2 DECEMBER 1899, Page 11

A History of English Romanticism in the Eighteenth Century. By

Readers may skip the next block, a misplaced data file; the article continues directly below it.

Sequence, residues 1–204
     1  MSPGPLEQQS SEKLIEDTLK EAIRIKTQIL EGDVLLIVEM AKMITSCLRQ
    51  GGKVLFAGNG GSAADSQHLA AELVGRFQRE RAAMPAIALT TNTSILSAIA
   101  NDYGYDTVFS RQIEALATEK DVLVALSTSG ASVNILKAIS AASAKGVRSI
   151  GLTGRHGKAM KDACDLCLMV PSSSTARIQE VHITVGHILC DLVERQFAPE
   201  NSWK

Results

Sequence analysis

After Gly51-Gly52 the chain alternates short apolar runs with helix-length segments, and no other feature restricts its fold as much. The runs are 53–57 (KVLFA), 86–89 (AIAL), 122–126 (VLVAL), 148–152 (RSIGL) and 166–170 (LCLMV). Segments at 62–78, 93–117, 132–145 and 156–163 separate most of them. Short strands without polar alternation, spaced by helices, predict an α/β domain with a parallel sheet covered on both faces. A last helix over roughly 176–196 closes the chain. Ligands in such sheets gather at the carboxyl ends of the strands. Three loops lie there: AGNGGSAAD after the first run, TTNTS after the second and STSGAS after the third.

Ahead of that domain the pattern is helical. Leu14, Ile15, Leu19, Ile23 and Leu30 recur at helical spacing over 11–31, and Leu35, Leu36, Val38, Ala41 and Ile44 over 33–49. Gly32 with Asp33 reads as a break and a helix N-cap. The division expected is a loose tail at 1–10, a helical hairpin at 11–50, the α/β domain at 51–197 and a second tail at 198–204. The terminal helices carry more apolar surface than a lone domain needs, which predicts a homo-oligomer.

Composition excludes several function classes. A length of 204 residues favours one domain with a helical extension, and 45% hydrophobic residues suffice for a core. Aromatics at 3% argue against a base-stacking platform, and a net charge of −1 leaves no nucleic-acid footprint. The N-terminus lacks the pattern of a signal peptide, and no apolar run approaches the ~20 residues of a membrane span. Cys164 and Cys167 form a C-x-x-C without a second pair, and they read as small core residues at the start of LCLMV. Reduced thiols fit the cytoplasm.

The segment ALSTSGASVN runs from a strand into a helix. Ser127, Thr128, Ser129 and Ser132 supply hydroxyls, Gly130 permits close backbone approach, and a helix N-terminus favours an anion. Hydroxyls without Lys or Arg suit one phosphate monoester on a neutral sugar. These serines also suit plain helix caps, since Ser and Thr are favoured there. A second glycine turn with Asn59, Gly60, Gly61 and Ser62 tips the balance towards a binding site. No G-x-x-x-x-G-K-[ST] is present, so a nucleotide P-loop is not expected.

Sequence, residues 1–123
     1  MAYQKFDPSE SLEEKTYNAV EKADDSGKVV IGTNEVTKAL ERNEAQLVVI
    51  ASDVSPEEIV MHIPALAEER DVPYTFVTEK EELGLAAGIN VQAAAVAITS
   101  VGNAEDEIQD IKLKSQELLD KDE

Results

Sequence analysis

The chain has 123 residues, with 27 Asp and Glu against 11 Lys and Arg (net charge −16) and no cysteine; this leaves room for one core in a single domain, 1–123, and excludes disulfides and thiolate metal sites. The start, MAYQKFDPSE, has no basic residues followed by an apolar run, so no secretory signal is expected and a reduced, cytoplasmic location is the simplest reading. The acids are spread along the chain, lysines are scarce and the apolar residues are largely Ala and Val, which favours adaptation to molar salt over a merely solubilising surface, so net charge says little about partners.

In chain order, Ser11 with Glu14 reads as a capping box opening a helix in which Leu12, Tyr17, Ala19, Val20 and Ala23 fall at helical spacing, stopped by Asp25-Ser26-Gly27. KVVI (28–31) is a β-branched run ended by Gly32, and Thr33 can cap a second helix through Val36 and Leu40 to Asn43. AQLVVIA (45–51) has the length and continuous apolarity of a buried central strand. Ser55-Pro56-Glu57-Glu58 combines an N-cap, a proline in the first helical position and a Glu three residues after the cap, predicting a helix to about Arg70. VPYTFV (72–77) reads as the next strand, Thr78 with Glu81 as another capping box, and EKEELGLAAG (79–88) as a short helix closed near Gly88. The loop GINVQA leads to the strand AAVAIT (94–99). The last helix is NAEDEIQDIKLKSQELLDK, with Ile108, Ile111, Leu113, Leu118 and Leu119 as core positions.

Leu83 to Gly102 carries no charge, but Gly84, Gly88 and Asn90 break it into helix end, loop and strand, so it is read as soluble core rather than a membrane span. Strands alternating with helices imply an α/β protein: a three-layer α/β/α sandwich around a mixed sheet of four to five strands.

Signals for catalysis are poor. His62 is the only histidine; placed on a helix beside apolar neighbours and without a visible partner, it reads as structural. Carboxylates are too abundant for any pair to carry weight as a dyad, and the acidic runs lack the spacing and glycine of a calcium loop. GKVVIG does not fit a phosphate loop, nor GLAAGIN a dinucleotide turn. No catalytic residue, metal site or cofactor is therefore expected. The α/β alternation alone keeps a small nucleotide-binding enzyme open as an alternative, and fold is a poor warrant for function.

Henry A. Beers. (Regan Paul, Trench, and Co. 9s.)—The idea of an English romanticism before 1798 may seem novel to many people. Percy, Ossian, Chatterton, are indeed well-known names. but few probably regard them as other than antiquarian curiosities; the romantic wave is commonly supposed to have reached us from Germany. In a sense this is true ; it was the Sturm. mind Drang that touched the romantic school of England into life; all before was really ante-natal. Yet the impulse of the Sturm mind Drang came from England, and though without it romanticism in England might have slept, it was in truth but taking back our own with usury. The import- ance of this ante-natal stage has been recognised by modern literary historians, but we still lacked a detailed and separate study of it such as Mr Beers (of Yale College) supplies in the monograph before us. He devotes his first chapter to the time. honoured discussion as to the nature of the romantic. It is an unsatisfactory chapter. His conception of the subject is con- fused, for he at first declares that romantic is merely the correlative of classical, and later opposes it to realistic, as if it had an absolute meaning. Nor is this objection academic, for the confusion runs throughout the volume. What he really writes is a history of the revolt against pseudo-classicism, and that revolt contained two distinct though often intertwined tendencies : to wit, the romantic, which first showed itself in Spenserian imita- tions, and the naturalistic, which claimed men like Thomson, men for the most part of greater originality but less taste. The most interesting chapters deal with the ballads, MacPherson, the Rowley poems, and "The German Tributary." Mr. Beers's remarks are not always very correct, —e.g., most of Macaulay's and Aytoun's " Lays " are not in fourteeners (p. 2C9); on p. 280, the third quotation is from "Clerk Saunders," not "Sweet William's Ghost" (the story is the same) ; a single long syllable cannot form the last foot of an hexameter (p. 311) ; Beresford's version of "Lenore," though in existence in 1800, first "came out," to the best of our knowledge, in 1821 (p. 392); and we may add that had Mr. Beers consulted H. C. Luken's "Lean 'Nora," he would not have supposed him to be the same person as his brother Charles. The style, too, is often careless, and sometimes lacks grammar and logic. On the other hand, the volume contains a good deal of interesting material, and the frequent quotations, many of which are admirable (e.g., Schopen- hauer on English and French gardens, on p. 119), are evidence of wide reading. Proportion, however, is apt to be lost in pro- lixity; and though the book tells us much, it would have told us more had it been half the length.